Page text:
President Bashar al-Assad made an important speech in Damascus on Sunday, outlining – before an audience of diplomats – his vision of the transition toward a political settlement in Syria.
Assad gave notice to those foreign powers who have pushed a regime change agenda – an agenda that has spectacularly failed – that he expects them to abandon their residual links with rebel groups. He said: “There will be neither security cooperation, nor the opening of embassies, nor a role for certain states that say they want to find a way out [of Syria’s war], unless they explicitly cut their ties with terrorism.”
Assad had in mind the US and its regional and western allies – principally Saudi Arabia, Turkey and France. He duly highlighted the robust support received from Russia, Iran and Hezbollah in turning the tide of the war, but also dwelt on the “big picture.” The “strategic future of Syria,” he said, “must be towards the East.” He ended with the tantalizing remark that Syria needs to reconsider the map of its external relations.
Evidently, Assad intends to regain control of the entire country and is confident that such an achievement is not far off. The Astana talks and any UN-sponsored peace process have become sideshows; the accent now is on crushing rebel groups through a mix of coercive diplomacy and sheer military power. Syrian government forces will press ahead with their military offensive to liberate the city of Deir Ez-Zor; they’ll then cross the Euphrates and take control of the southern regions bordering Iraq, vanquishing Islamic State (ISIS).
“There will be neither security cooperation, nor the opening of embassies, nor a role for certain states that say they want to find a way out, unless they explicitly cut their ties with terrorism”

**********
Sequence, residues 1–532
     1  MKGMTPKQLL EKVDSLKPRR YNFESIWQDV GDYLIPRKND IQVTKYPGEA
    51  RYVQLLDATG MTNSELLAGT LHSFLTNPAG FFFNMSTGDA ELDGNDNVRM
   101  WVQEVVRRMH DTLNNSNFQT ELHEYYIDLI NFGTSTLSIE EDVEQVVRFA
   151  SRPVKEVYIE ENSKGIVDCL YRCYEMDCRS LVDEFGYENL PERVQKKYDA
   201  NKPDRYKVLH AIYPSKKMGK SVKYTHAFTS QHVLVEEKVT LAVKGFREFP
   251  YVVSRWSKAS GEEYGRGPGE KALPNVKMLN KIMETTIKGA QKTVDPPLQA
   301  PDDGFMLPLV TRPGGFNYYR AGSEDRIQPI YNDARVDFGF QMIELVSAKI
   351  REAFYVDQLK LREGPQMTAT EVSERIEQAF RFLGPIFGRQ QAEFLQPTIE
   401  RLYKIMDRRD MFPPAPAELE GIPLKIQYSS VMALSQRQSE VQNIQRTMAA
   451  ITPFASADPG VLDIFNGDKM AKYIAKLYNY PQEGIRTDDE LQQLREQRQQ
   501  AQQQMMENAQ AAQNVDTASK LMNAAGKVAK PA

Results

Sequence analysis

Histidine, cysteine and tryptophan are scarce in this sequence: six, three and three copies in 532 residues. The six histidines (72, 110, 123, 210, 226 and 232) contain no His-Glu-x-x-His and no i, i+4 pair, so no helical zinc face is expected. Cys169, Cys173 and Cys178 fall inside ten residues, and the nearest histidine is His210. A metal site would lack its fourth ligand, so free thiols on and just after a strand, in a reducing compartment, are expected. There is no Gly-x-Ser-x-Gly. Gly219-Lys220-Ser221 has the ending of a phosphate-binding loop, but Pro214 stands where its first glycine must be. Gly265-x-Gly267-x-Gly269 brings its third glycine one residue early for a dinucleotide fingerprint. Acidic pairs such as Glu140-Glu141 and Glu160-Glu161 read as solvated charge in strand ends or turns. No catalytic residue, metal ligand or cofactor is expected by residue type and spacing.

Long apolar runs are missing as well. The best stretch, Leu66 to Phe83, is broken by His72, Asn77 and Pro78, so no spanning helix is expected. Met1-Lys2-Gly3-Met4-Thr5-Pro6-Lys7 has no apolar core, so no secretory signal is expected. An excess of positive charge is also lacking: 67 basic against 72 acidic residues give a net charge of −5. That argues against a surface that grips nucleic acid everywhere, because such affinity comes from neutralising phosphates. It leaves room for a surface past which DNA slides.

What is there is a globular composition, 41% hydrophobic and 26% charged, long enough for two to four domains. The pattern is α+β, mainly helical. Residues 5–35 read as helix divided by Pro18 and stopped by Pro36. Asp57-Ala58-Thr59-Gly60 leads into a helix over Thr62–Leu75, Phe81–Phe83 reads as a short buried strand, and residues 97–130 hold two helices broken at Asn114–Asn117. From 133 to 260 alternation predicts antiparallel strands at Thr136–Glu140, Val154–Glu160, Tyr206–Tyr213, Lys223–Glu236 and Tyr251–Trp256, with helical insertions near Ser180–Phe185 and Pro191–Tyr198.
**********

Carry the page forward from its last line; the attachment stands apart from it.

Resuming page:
To be sure, the US has to take some major decisions in the weeks ahead. It has set up 12 military bases in the Kurdish regions of northern Syria, indicative of plans for a prolonged stay in Syria. The Kurds, allied to the US, expect a permanent American presence. The US objective still appears to be to beat the government’s forces to Dier Ez-Zor and seize control of the oil fields in the north-eastern province of Hasaka (which are important for ensuring the economic viability of a Kurdistan in northern Syria.) This plan looks increasingly like a pipe dream, however.
Traditionally, Syrian diplomacy has been quite adept at exploiting the fault lines in regional and global politics to preserve the country’s own strategic autonomy. The bottom line is that a sort of inter-dependency has developed in the Russian-Syrian alliance. Syrian forces cannot make headway in their offensive along the banks of the Euphrates in the coming weeks without Russian air cover; but this is also emerging as part of a joint enterprise to prevent a long-term US military presence in Syria and the balkanization of the country.
It is also in Iran’s interest that the US retrenches from Syria. Tehran’s best bet is that Assad holds onto power. Both Russia and Iran are stakeholders in Syria’s unity and territorial integrity.
A shift in the overall military balance in Assad’s favor is borne out by reports that Hezbollah has cut back its involvement in Syria from a peak level of 20,000 fighters in Syria to a force level of 5,000
The visit by the head of Iran’s General Staff of the Armed Forces, Mohammad Hossein Bagheri, to Turkey last week, which was the first such event in over four decades, and the signing of a Turkish-Iranian military agreement on August 17 in Ankara to expand military cooperation, signifies that the two countries have shared interests in preventing any independent Kurdish entities appearing on the maps of Iraq or Syria. Simply put, all these factors work to Syria’s advantage.
An additional booster for Syrian diplomacy comes in the guise of the nascent Russian-Turkish-Iranian axis, which is compelling Turkey to terminate its support for extremist groups in Syria. Russia has been cajoling Turkey with appreciable success and the Turkish-Iranian entente hastens that process. Equally, acute contradictions in the Turkish-American relationship make the US military presence on a long-term basis in northern Syria unsustainable.
The US faces an uphill task to cobble together a credible rebel force that can challenge the might of the Syrian government forces and Iran-backed militia in the southern and eastern regions of Syria. A shift in the overall military balance in Assad’s favor is borne out by reports that Hezbollah has cut back its involvement in Syria from a peak level of 20,000 fighters in Syria to a force level of 5,000.
All in all, therefore, the big question is not whether but when US commanders decide to call it a day in Syria. That point is still not within sight. But Assad has made it clear that although Syria will be open to negotiating diversified external relationships, in this conflict the winner will take all.